Born and raised in Arkansas, Hutchinson received an accounting degree from Bob Jones University in South Carolina and graduated from the University of Arkansas School of Law.

President Ronald Reagan tapped him to be the US attorney for the Western District of Arkansas in 1982, making him the youngest federal prosecutor at the time at 31. He served in that role until 1985, when he gained prominence. It is dangerous to report a white supremacist group when he puts on a woolen vest, he ends up directing the group to help the FBI.

Having lost bids for the US Senate in 1986 and for Arkansas attorney general in 1990, Hutchison was elected to the US House of Representatives in 1996 from the state’s 3rd Congressional District. He was succeeded by his brother Tim, who was elected to the Senate.

In the House, Hutchinson was one of the GOP lawmakers behind the 1999 impeachment trial of fellow Arkansan Bill Clinton, making the case that the Democratic president had committed perjury and obstruction of justice. Clinton was ultimately acquitted by the Senate on both counts of impeachment.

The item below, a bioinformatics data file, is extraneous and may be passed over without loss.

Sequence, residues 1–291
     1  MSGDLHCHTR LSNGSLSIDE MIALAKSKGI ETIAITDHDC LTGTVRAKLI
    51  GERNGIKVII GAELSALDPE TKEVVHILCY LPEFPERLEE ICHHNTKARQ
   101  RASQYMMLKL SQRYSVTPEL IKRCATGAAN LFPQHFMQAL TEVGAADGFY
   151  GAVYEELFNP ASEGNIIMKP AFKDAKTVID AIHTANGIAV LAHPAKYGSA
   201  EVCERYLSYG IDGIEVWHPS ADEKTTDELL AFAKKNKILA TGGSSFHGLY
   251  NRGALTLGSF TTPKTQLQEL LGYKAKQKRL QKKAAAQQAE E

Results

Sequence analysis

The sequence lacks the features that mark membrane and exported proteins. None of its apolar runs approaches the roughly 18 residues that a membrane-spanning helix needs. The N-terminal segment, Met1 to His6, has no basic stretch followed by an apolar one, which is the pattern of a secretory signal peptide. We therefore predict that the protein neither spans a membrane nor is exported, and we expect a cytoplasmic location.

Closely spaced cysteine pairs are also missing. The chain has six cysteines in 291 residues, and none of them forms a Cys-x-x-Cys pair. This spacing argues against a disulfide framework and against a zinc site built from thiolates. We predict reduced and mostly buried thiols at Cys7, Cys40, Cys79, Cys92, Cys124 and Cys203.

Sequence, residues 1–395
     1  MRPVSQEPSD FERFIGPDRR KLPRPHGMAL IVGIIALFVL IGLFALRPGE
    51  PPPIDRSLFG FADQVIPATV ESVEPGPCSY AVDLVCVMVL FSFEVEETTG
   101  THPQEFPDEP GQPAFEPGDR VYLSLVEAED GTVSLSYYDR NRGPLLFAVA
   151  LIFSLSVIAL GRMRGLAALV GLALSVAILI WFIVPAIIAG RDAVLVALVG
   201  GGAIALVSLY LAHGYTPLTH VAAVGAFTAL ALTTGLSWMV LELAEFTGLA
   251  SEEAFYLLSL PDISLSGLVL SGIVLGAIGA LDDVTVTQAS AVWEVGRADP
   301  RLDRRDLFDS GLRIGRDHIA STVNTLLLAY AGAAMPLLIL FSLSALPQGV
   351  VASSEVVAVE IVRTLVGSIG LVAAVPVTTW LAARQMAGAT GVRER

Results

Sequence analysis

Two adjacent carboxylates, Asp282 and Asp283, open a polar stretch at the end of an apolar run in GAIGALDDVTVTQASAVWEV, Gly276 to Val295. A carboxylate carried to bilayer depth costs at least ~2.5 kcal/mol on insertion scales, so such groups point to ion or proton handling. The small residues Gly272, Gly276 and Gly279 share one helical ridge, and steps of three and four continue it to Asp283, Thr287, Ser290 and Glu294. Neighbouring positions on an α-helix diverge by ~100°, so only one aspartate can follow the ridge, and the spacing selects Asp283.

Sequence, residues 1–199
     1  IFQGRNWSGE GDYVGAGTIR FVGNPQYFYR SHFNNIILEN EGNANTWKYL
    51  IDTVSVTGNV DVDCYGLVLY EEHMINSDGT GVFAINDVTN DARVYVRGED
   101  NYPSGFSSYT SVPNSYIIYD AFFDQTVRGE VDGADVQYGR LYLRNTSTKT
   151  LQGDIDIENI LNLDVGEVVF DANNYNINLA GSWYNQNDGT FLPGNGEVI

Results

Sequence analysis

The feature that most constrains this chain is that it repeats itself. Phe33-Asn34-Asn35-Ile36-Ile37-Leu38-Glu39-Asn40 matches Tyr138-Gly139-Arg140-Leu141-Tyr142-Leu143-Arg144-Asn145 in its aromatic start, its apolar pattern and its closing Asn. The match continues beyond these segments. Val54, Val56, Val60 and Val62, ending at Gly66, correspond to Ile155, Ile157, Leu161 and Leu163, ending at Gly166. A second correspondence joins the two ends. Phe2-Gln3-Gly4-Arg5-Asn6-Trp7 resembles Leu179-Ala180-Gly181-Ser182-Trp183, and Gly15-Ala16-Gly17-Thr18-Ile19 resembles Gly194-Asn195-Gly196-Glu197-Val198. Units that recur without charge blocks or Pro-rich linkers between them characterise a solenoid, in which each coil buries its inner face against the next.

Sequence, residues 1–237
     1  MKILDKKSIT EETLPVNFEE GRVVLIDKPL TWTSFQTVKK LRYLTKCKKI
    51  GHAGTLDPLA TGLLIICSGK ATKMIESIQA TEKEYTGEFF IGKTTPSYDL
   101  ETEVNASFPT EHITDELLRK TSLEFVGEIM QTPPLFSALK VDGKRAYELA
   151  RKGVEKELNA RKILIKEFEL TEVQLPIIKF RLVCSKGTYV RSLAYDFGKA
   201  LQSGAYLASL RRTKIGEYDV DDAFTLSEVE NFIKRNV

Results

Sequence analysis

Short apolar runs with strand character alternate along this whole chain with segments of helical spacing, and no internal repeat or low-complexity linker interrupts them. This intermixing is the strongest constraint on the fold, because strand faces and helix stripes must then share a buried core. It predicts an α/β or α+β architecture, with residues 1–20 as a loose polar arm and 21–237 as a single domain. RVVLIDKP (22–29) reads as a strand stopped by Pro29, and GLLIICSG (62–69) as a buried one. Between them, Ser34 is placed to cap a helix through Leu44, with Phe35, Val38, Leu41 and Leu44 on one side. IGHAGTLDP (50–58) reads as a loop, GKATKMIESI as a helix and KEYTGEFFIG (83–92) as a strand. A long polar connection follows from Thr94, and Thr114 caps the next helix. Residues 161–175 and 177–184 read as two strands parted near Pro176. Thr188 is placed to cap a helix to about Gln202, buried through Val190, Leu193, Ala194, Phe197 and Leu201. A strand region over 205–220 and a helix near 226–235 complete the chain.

Hutchinson resigned from Congress in 2001 to serve as head of the Bush Administration’s Medical Enforcement Administration. In 2003, he began a three-year stint at the Department of Homeland Security, serving as undersecretary for border and transportation.

Hutchinson lost his bid for governor of Arkansas in 2006. After the 2012 shooting massacre at Sandy Hook High School in Newtown, Connecticut, he was established by the National Rifle Association to investigate how to protect schools and how to improve that part of the school gun lobby’s safety initiative. In 2014, he won his first two terms as governor of Arkansas, as the state continued to move to the right.

This story has been updated with additional information.

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Ava Grey

Hi there! I'm Ava Grey, an enthusiastic article writer with a passion for the arts, fashion, and staying informed about current events. As a journalism student at the New York Academy of Art, I'm driven to use my writing to create positive change and spark meaningful conversations. I'm particularly interested in contemporary art and sustainable fashion, and I love exploring how people use these mediums to express themselves and communicate their values. I believe that staying informed and hearing different perspectives is essential for personal growth and learning, and I'm always eager to engage in lively debates and discussions.